Paula at Paula’s Cinema Club, Aurora at Once Upon A Screen, and Kellee at Outspoken And Freckled, are bringing back the What A Character Blogathon for it’s 8th year! This blogathon is devoted to the character actors of film. Be sure to visit their sites to read all of the entries, I can’t wait to read them all myself. This time I’ve decided to shine the spotlight on the actor Henry Daniell.
When I see Henry’s name appear in the opening credits of a film, I always know that I’m about to be in for a real treat performance wise. That’s because Henry Daniell was one of those rare actors whose performances never disappointed. He was a master of his craft and he is always wonderful to watch.
Although he played many different characters throughout his career, he was especially adept at playing villains and authority figures. He could sneer and play cold or disdainful to perfection. He makes such a convincing villain that he makes you want to reach through the screen and slap him.
Henry is best remembered today for his excellent performance as the sneering, hardhearted, and very cruel headmaster, Mr. Brocklehurst, in Jane Eyre (1943). The character is utterly monstrous on paper, but in Henry’s hands, Brocklehurst becomes even crueller and more hateful than the man we may imagine when we read the book. Henry makes this man so odious and cold that you wonder if he is even human at all.
Henry in Jane Eyre. Screenshots by me.
Henry could dominate and steal even the smallest scene that he appeared in. He always brought his A game to every single performance. He was also one of those actors like George Sanders, Richard Burton, or Claude Rains, who had been blessed with a truly magnificent and distinctive voice. That voice was always used to great effect.
Henry Daniell was born in Barnes, London, on the 5th of March 1894. He made his UK stage debut in 1913. The following year he joined up to fight in WW1. Henry joined the 2nd Battalion of the Norfolk Regiment in 1914, and he fought with them until he was invalided out in 1915 after being severely wounded.
Henry made his Broadway stage debut in 1921, playing Prince Charles in Clair De Lune. He worked on stage throughout the 1920’s. Henry made his film debut in the 1929 version of The Awful Truth. In this film Henry plays Norman Warriner, the role which would later turn Cary Grant into a star in the 1937 remake. Sadly Henry’s version of this romantic comedy classic is now lost. I don’t know about anyone else, but I for one would have loved to have seen how he approached this role.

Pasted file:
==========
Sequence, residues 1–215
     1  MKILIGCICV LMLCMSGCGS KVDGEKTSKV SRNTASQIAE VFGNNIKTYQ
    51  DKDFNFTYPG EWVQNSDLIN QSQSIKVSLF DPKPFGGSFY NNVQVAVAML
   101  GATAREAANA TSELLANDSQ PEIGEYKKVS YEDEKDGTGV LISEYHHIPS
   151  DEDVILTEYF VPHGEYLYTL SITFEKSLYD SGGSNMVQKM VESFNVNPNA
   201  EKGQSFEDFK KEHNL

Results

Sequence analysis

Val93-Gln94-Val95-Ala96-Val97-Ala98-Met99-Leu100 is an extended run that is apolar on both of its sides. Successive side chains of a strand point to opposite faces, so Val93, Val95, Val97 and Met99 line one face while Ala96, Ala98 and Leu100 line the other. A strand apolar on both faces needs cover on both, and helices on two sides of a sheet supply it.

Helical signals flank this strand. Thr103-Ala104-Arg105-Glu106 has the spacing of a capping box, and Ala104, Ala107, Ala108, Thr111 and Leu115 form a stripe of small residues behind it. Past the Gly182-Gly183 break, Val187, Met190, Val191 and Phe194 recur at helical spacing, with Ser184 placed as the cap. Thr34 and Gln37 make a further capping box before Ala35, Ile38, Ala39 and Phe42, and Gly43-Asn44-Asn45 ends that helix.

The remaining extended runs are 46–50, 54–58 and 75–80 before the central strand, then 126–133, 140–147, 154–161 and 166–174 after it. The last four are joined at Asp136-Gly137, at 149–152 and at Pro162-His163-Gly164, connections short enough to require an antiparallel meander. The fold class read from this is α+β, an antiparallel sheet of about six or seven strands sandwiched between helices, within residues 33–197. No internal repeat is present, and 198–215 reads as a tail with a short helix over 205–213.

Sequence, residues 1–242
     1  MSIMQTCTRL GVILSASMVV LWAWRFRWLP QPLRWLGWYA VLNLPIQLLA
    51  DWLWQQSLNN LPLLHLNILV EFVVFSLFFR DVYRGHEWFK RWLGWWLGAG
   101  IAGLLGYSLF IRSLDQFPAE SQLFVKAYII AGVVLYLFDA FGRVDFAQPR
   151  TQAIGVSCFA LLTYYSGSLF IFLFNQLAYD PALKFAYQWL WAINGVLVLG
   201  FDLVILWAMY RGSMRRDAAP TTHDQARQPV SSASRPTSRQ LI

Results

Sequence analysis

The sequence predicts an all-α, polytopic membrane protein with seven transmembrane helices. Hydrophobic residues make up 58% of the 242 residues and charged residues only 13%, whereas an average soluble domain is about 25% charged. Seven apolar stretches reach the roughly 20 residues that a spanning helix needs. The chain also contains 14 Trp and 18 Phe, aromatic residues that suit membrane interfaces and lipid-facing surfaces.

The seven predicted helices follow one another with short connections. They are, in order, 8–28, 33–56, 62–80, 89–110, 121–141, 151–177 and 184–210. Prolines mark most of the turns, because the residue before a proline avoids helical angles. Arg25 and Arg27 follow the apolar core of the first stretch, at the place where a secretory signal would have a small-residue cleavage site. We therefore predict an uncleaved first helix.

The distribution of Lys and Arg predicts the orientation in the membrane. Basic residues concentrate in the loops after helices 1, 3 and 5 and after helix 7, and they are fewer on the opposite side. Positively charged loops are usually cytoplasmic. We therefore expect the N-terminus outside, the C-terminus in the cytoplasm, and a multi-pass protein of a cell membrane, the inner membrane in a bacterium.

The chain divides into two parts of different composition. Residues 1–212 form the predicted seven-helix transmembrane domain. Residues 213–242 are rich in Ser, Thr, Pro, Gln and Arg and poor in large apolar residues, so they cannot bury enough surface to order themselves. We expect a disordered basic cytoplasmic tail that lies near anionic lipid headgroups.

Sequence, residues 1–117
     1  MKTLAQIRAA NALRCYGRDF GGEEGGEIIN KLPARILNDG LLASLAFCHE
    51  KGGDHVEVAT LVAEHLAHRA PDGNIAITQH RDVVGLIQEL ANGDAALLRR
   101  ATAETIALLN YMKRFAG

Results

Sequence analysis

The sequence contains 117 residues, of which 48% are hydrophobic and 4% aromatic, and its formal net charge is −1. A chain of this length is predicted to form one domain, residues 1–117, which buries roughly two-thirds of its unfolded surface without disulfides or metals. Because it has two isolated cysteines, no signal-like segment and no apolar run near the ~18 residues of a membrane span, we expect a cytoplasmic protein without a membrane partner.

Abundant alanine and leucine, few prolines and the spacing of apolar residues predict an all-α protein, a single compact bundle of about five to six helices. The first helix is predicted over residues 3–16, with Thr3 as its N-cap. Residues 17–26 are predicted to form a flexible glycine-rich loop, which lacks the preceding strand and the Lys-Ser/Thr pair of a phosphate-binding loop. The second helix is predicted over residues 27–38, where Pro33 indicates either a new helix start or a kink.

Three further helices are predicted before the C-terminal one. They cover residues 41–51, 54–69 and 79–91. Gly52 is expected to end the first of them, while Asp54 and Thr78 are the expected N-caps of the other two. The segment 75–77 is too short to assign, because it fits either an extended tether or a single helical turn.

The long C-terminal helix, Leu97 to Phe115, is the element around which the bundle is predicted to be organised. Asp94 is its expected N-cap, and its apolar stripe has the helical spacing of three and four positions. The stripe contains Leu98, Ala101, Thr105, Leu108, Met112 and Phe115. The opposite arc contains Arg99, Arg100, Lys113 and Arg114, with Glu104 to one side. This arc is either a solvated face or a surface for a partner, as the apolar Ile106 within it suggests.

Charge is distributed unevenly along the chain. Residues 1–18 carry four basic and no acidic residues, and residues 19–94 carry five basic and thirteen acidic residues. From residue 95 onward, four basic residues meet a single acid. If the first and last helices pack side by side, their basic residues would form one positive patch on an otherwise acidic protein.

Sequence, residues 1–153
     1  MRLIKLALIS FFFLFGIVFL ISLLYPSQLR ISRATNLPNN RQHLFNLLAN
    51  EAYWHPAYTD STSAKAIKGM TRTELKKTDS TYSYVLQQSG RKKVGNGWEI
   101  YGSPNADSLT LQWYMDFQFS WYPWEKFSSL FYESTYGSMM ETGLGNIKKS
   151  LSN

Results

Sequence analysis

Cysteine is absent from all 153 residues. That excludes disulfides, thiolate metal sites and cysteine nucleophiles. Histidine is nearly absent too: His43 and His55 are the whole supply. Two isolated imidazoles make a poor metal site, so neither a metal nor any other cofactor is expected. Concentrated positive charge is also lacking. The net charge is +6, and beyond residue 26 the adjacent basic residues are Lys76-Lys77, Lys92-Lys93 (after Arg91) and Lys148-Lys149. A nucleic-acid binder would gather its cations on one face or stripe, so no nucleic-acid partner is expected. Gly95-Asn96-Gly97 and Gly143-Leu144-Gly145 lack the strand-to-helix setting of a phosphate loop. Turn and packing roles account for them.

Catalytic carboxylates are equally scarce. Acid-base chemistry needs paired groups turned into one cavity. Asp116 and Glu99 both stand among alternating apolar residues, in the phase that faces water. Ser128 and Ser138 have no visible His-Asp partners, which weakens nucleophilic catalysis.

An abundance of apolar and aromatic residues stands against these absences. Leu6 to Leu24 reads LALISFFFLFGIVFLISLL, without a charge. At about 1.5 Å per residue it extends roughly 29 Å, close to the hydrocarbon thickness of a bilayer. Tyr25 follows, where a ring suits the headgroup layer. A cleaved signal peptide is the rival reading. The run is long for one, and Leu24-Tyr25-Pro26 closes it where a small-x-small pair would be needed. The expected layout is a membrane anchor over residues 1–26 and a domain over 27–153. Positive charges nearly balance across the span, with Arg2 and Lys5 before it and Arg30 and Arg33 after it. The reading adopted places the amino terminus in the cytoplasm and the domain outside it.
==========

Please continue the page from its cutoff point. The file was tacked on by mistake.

Over the next decade he appeared in many more films, most notably as the sleazy cad, Baron de Varville, in Camille(1936). This was the first film that I ever saw him in, and it is his performance in this film which made me want to see much more of his work.
Throughout the 1940’s he was in high demand as a villain, appearing in Charlie Chaplin’s The Great Dictator, The Sea Hawk, Jane Eyre,The Suspect, The Body Snatcher, and three of the Basil Rathbone Sherlock Holmes films, in one of which he played Professor Moriarty. He was also in The Philadelphia Story as Sidney Kidd, the publisher of the magazine that Mike and Liz work for.
Here’s Henry in action opposite Errol Flynn in The Sea Hawk(1940).
Throughout the 1950’s and into the 1960’s, Henry appeared often on television in guest roles. Some notable films and performances from the later part of his career include Witness For The Prosecution, in which he worked again with his co-star in The Suspect, Charles Laughton, Mister Cory(the film that he called one of his favourites from his own work), Voyage To The Bottom Of The Sea, and The Man In The Gray Flannel Suit.
His final film role was as the British Ambassador, in George Cukor’s 1964 film adaptation of My Fair Lady. His scenes alongside Audrey Hepburn at the Embassy Ball would sadly be the last he would ever shoot. Henry Daniell died of a sudden heart attack on October 31st, 1964. He was 69 years old.
He left behind him an incredible film legacy. He is one of my favourite character actors. I also consider him to have been one of the best character actors in the business. I hope he would be touched by how much love and respect there still is for his performances and films today. Never seen a Henry Daniell film? A cinematic treasure trove awaits your discovery, and I hope you enjoy exploring his screen work.
Any other Henry Daniell fans here?